Activation of Body-Worn Cameras: Variation by Officer, Over Time, and by Policing Activity

DOI10.1177/0734016819846228
Published date01 September 2019
Date01 September 2019
Article
Activation of Body-Worn
Cameras: Variation
by Officer, Over Time,
and by Policing Activity
Daniel S. Lawrence
1
, David McClure
2
, Aili Malm
3
, Mathew Lynch
4
,
and Nancy La Vigne
1
Abstract
This study assessed the early deployment of the Anaheim Police Department’s body-worn camera
(BWC) program in 2015 by examining camera activations across officers, trends in activations over
time, and how different police–community contacts predict BWC activations. These were assessed
with correlational analyses among 40 BWC-equipped officers in the first 6 months of their use.
Activation of the BWCs among officers varied widely, with 6-month average activations ranging
from 0% to 72%. Average activation rates increased over time from 3% to 54%. Officers dis-
proportionately activated their cameras for events related to crimes; for example, activation rates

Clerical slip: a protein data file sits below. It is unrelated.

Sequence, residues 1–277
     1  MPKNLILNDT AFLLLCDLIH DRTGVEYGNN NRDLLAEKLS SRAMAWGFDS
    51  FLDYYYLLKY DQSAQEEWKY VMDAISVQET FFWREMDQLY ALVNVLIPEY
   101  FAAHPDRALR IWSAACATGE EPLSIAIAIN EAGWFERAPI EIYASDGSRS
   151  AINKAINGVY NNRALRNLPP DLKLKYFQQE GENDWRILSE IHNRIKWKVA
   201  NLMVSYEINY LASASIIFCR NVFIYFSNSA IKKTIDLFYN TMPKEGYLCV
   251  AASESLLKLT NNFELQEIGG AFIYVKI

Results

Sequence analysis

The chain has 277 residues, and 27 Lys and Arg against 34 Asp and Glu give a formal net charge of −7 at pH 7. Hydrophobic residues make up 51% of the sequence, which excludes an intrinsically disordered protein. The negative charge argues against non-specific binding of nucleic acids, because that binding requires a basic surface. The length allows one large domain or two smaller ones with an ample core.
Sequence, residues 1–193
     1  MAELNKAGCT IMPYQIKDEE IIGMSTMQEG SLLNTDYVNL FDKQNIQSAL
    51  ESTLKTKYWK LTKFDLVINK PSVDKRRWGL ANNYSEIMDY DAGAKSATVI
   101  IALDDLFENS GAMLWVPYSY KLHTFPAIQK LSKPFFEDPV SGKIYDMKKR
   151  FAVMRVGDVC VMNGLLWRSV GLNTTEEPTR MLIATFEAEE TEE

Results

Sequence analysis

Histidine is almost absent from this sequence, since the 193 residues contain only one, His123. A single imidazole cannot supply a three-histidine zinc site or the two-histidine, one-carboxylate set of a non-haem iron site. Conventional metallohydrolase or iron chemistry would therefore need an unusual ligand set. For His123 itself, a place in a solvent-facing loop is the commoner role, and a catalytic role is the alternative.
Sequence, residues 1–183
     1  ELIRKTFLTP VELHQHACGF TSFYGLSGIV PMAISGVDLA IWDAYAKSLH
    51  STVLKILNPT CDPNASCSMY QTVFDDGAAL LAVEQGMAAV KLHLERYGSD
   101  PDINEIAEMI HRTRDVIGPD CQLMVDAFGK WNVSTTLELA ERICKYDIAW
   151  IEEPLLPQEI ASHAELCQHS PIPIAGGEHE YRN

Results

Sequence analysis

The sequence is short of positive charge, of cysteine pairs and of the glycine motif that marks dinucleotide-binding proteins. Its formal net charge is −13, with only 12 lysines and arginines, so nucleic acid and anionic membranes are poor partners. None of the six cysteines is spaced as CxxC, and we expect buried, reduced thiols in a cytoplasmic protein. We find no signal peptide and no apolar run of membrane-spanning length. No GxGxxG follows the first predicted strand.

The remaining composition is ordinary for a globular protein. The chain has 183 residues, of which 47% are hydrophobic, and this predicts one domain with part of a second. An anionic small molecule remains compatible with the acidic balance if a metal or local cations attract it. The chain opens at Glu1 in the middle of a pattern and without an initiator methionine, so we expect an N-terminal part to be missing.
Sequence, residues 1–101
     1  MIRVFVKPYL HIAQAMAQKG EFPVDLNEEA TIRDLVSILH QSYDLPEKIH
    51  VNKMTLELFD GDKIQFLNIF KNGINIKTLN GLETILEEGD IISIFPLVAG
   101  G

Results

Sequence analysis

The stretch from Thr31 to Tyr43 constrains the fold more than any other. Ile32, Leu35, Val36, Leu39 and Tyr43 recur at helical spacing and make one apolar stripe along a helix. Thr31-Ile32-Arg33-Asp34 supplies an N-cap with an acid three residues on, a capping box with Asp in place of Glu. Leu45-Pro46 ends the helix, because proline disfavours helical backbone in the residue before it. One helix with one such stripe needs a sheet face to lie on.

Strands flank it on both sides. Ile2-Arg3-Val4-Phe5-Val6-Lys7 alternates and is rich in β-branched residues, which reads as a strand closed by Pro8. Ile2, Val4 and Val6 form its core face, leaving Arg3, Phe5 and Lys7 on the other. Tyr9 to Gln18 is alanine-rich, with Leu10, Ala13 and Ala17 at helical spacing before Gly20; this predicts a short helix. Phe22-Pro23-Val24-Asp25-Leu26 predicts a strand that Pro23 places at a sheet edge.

for other categories were significantly lower compared to violent crimes, with odds ratios ranging
from 0.148 to 0.663. The article concludes with a discussion on how the failure to activate a BWC
limits the potential benefits of the technology. While officers have considerable discretion on when
to activate their BWCs, law enforcement agencies must not only train and deploy BWCs among
their officers but also audit and supervise individual use to ensure successful BWC programs.
Keywords
police, body-worn cameras, BWC, activation
Police departments’ use of body-worn cameras (BWCs) has received considerable attention in recent
years. Despite being a relatively new tool for the police, there has been a steady increase in the use of